Parents, please: enough with the “we’re just giving kids what they want.” Children learn through play. Segregated toys are inhibiting kids’ brain development by severely limiting their experiences. Children’s brains have more plasticity than at any other time in life, that’s why they can learn languages rapidly. Once those synapses make connections or shut down, its harder for brains to grow later. Read more about all that here. And here. And here.
What can you do? Resist marketing. It’s messing with your kid’s brain. You are the parent. You’re the shopper, the one with the wallet. Buy wisely.
Get your daughters out of the monochromatic world of pink. Or any monochromatic world. Your kid may resist. This may be a challenge for her because kids love routine. But, still, challenge your kid with toy choice the way you would with any other learning activity. Help them to branch out and encourage them to try new things. Get excited about the toy. Play with it with them. Most of all, they want your attention.
Schedule play dates with kids of the opposite sex. If your kid’s preschool tends to segregate by gender, or allows them to self-segregate, talk to teachers and the head of school about mixing it up. Kids learn when they move out of their comfort zone.
Read your sons books where the main characters are girls.
Show your sons and daughters animation where the main characters are female (Miyazaki is a great choice.) After we all see “Tintin” or “Lord of the Rings” or “Arthur Christmas” on the screen, the posters all over town, and then the video games that follow and the toys derived from the movies, all practically without females, it seems normal that there are so few girls represented everywhere except for the pink ghetto. The annihilation of girls passes us by unnoticed. Girls are half of the kid population, yet children’s movies today normalize an imaginary reality where females hardly exist at all. Then we all literally buy into it. How do you think that makes girls feel? What does it make kids think? What are kids learning about which gender is more important?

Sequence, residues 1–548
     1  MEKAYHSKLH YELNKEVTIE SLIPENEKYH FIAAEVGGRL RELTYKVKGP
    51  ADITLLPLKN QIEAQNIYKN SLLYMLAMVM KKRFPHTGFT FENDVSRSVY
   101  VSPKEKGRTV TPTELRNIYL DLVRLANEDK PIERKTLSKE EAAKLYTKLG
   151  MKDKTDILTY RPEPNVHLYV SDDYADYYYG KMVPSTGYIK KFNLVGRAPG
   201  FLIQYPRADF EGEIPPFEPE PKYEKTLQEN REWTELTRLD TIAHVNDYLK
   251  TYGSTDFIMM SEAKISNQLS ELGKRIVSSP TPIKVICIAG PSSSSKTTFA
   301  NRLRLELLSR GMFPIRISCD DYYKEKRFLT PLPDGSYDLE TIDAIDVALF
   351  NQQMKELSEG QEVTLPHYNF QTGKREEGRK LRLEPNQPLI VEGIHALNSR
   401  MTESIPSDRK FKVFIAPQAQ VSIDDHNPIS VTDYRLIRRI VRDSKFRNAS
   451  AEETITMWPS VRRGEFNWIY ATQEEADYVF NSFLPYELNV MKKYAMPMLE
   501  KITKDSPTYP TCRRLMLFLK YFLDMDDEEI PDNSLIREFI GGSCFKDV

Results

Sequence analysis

Let stores and toy companies know how you feel about their relentless drive to segment toys by gender in order to sell products. Write to the companies directly. Blog about them. Tell your friends about it on Facebook.
SPARK has just initiated the Toy Aisle Action Project.
We are SPARKing this movement armed with Post-It notes and cameras in the blue and pink aisles. (Seriously, some stores have actually have colored their toy aisles pink and blue! When will it end?) With your Post-Its, make a note using slogans like “Where My Girls At?” in the blue aisle, “Your Girl Needs Joe, too” on a GI Joe, “This Is An Option For Everybody” and “What About Dads?” on the baby dolls.
SPARK advises to use statistics:
women make up only 13% of architects (I wonder why LEGO?), 14% of active US military (Where is G.I. Jane?), and 4% of executive chefs — so, why are all the kitchen gadgets pink when so many chefs are men?
I’ve thought about these kinds of stats a lot, and it comes down to this: if it’s low status, its assigned as “feminine” (cooking), and women dominate; but if its high status, all of a sudden it becomes “masculine” (being a chef) and men dominate. This bait and switch applies to the whole stereotype that boys like action while girls are more literary, good with words, and artsy. Unless we’re talking about the Pulitzer Prize or the latest exhibition at the MOMA, in which case, all of a sudden men rule the roost.
A department store in London, Hamley’s, decided to break out of the current trend and organize its toys by toy type instead of by the gender of the kid: arts and crafts, building toys, outdoor toys etc. Congrats to Hamley’s. Let’s hope the land of the free and the brave and its Targets and Walmarts learn something. In the meantime, parents need to shop carefully.